3. Johnson argues that the trial court erred by ordering a psychiatric evaluation over his objection. However, this argument is moot because Johnson never submitted to a court-ordered psychiatric evaluation and no psychiatric evidence was presented at trial. Johnson's claim that his counsel was prevented from advising him during the court-ordered psychiatric evaluation is also moot for the same reason.
4. Johnson contends that the trial court erred in denying the motion to suppress his audiotaped statement, claiming that the tape was altered and the statement was not freely and voluntarily made. He argues that a "break" occurred in the recording which indicates that the police edited out a portion of his statement; the tape recording was 24 minutes long and the officers testified that they interviewed Johnson for 30 to 60 minutes. The officers did not recall turning off the tape recorder during the interview; Johnson's tape expert testified the tape was stopped and restarted one time during the interview.
To establish the foundation for an audiotaped statement's admissibility, the State must prove: 1) the mechanical device was capable of recording a statement; 2) the operator was competent; 3) the recording is authentic and correct; 4) no changes, additions, or deletions were made; 5) the manner of preservation; 6) the identity of the speakers; and 7) the statement was not elicited through duress. Page v. State, 249 Ga. 648 (2) (b) (292 SE2d 850) (1982); Nobles v. State, 233 Ga. App. 63 (3) (503 SE2d 321) (1998). The State adequately proved these elements, and the defense expert conceded that the tape was not altered or recorded over. See id. In addition, an audiotaped statement is not rendered inadmissible simply because the police stopped and restarted the recorder during the interview, and Johnson was able to explore the possible reasons for the "break" during cross-examination. See Peacock v. State, 170 Ga. App. 309 (4) (316 SE2d 864) (1984). There was no evidence of selective recording. See id. The trial court did not err by ruling that the State had established a proper foundation for the admission of the audiotaped statement. Page, supra.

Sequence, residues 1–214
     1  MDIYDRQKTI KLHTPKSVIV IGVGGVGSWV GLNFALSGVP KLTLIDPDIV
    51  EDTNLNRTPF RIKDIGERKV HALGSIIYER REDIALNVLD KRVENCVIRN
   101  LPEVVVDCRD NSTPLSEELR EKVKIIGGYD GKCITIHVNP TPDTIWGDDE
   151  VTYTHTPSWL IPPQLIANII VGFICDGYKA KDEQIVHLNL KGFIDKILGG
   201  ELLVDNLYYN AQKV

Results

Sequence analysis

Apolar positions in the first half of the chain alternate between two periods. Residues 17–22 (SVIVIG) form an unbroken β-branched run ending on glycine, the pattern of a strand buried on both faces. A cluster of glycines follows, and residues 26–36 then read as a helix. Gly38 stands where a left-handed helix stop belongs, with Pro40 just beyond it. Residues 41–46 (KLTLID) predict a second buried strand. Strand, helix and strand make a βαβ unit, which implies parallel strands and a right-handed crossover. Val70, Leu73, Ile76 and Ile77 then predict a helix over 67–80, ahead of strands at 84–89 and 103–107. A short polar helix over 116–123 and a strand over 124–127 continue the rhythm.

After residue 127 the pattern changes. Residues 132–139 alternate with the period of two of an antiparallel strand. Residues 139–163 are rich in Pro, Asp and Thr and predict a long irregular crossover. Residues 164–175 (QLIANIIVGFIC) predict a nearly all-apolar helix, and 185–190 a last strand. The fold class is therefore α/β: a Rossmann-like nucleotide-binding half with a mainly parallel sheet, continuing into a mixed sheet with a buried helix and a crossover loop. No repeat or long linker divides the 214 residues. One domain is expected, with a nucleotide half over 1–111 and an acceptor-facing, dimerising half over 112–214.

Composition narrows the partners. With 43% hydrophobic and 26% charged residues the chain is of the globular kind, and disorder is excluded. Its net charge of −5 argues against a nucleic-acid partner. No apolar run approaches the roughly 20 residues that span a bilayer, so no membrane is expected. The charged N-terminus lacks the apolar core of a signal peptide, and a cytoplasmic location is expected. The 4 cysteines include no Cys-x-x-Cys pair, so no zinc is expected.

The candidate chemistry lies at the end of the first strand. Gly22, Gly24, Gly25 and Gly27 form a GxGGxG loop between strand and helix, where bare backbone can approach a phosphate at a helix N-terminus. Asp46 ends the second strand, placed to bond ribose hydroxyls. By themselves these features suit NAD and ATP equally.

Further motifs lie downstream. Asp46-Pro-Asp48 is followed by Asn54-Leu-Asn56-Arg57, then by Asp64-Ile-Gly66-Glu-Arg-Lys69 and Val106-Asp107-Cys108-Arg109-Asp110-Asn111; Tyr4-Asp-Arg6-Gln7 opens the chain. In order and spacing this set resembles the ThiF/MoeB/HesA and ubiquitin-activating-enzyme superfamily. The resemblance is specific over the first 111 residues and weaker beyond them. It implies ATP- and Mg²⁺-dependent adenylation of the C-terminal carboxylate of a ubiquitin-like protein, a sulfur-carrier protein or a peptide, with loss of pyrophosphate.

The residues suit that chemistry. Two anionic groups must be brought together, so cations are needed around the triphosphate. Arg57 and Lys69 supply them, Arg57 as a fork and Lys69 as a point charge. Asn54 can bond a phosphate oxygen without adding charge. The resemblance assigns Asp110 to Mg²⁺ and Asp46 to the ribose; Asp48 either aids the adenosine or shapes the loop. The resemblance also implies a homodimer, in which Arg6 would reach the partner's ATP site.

The trial court also did not err by ruling that Johnson's statement was voluntary. "In determining whether a defendant has made a voluntary statement, courts must look at the totality of the circumstances." (Footnote omitted.) Fields v. State, 266 Ga. 632, 633 (2) (469 SE2d 184) (1996). Johnson was 28 years old. The police read him his constitutional rights, and he signed a form acknowledging and waiving his rights. The interview lasted less than one hour and there were no promises or threats to induce his statement. He did not appear to be suffering from any condition that would impair his understanding of his rights waiver, and he never requested an attorney. See id.
5. Johnson wanted to question the district attorney and former district attorney regarding cases in which the district attorney did not seek the death penalty that Johnson alleges were more "heinous" than his case, but the trial court quashed the subpoenas. We find no error. "[D]istrict attorneys do not have unfettered discretion to seek the death penalty, and the decision to impose it rests with the jury and cannot be upheld absent a finding of an aggravating circumstance. [Cit.]" McClain v. State, 267 Ga. 378, 389 (12) (477 SE2d 814) (1996). "[P]olicy considerations . . . argue against requiring district attorneys to defend their decisions to seek the death penalty." (Footnote omitted.) Perkins v. State, 269 Ga. 791, 794 (2) (505 SE2d 16) (1998). We note that the trial court allowed Johnson to file a written proffer to support his argument that the district attorney had not sought the death penalty in more "heinous" cases, but he failed to do so.